The Guardian’s statement in its report of the extradition hearings is not only duplicitous in the extreme but sells Assange down the river by evading responsibility for publishing the password. It thereby leaves him even more vulnerable to the U.S.  campaign to lock him up.

Here is its statement:

Let’s highlight the deceptions:

  1. The claim that the password was “temporary” is just that – a self-exculpatory claim by David Leigh. There is no evidence to back it up beyond Leigh’s statement that Assange said it. And the idea that Assange would say it defies all reason. Leigh himself states in the book that he had tobullyAssange into letting him have the password precisely because Assange was worried that a tech neophyte like Leigh might do something foolish or reckless. Assange needed a great deal of persuading before he agreed. The idea that he was so concerned about the security of a password that was to have a life-span shorter than a mayfly is simply not credible.

  1. Not only was the password not temporary, but it was based very obviously on a complex formula Assange used for all WikiLeaks’ passwords to make them impossible for others to crack but easier for him to remember. By divulging the password, Leigh gave away Assange’s formula and offered every security service in the world the key to unlocking other encrypted files. The claim that Assange had suggested to Leigh that keeping the password secret was not of the most vital importance is again simply not credible.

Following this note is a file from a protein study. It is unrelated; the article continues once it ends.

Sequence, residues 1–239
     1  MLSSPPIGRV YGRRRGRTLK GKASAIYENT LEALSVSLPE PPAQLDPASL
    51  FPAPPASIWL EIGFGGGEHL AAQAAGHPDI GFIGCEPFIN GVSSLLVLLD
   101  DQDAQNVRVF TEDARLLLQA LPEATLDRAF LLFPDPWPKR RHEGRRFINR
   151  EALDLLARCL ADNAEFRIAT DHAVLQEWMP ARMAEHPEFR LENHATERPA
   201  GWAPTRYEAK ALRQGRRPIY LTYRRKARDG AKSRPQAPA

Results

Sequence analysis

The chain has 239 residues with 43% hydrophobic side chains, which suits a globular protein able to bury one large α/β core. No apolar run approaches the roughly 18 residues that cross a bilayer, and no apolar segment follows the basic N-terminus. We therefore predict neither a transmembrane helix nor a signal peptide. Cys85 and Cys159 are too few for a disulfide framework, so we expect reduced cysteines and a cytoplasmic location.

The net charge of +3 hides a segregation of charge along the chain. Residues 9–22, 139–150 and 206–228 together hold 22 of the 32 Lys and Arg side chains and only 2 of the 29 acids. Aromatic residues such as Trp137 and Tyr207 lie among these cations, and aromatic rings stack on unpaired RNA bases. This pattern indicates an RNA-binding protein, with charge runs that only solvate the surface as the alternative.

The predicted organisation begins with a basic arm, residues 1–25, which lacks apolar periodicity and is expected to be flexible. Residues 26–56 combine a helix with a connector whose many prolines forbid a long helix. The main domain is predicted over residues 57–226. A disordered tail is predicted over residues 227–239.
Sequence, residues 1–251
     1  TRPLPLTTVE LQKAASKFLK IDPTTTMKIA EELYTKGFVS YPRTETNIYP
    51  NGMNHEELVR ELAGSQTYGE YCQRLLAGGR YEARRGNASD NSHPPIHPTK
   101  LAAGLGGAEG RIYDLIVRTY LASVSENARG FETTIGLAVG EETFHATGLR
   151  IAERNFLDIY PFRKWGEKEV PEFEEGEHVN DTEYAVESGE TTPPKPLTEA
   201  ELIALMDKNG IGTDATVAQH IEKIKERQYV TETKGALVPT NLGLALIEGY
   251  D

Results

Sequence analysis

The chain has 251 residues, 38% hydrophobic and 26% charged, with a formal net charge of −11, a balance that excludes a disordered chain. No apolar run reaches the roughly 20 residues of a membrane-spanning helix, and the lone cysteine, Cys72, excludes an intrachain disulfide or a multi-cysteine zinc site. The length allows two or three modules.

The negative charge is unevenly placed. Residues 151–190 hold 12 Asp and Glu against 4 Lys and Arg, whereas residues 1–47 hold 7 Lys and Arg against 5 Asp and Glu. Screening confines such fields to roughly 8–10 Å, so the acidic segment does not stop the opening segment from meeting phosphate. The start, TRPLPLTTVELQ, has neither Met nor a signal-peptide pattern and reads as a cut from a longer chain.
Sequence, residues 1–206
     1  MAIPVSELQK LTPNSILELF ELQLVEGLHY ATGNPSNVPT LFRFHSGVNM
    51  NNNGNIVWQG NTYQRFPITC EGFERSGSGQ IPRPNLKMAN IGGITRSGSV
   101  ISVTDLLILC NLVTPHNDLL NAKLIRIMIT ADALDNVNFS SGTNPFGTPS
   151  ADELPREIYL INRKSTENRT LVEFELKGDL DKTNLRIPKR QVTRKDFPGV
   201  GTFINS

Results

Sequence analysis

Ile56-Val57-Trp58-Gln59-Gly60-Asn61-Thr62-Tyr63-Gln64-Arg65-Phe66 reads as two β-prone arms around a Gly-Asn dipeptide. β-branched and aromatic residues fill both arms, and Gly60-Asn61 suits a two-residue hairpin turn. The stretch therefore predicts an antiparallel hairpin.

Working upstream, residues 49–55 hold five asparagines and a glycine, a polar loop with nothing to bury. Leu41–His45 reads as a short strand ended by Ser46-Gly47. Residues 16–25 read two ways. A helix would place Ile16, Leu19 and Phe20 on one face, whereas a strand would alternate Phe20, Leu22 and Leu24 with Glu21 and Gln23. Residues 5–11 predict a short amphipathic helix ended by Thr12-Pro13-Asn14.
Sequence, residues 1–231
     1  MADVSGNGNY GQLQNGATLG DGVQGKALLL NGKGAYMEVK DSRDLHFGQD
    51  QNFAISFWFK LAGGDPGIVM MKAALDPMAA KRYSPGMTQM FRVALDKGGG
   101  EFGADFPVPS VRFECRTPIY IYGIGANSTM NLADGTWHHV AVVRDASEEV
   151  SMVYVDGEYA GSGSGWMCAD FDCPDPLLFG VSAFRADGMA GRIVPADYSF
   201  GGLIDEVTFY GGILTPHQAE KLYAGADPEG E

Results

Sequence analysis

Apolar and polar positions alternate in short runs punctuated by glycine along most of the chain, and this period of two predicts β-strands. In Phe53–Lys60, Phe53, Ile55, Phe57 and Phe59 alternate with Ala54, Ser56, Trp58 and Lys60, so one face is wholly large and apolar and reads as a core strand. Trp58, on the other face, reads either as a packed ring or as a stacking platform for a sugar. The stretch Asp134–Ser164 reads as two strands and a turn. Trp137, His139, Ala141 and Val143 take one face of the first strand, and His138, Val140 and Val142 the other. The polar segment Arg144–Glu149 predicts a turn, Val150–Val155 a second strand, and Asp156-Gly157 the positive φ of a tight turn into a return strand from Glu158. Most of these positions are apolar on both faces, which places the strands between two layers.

2. But whether or not Leigh thought the password was temporary is beside the point. Leigh, as an experienced investigative journalist and one who had little understanding of the tech world, had a responsibility to check with Assange that it was okay to publish the password. Doing anything else was beyond reckless. This was a world Leigh knew absolutely nothing about, after all.

But there was a reason Leigh did not check with Assange: he and Harding wrote the book behind Assange’s back. Leigh had intentionally cut Assange out of the writing and publication process so that he and The Guardian could cash in on the Wikileaks’ founder’s early fame. Not checking with Assange was the whole point of the exercise.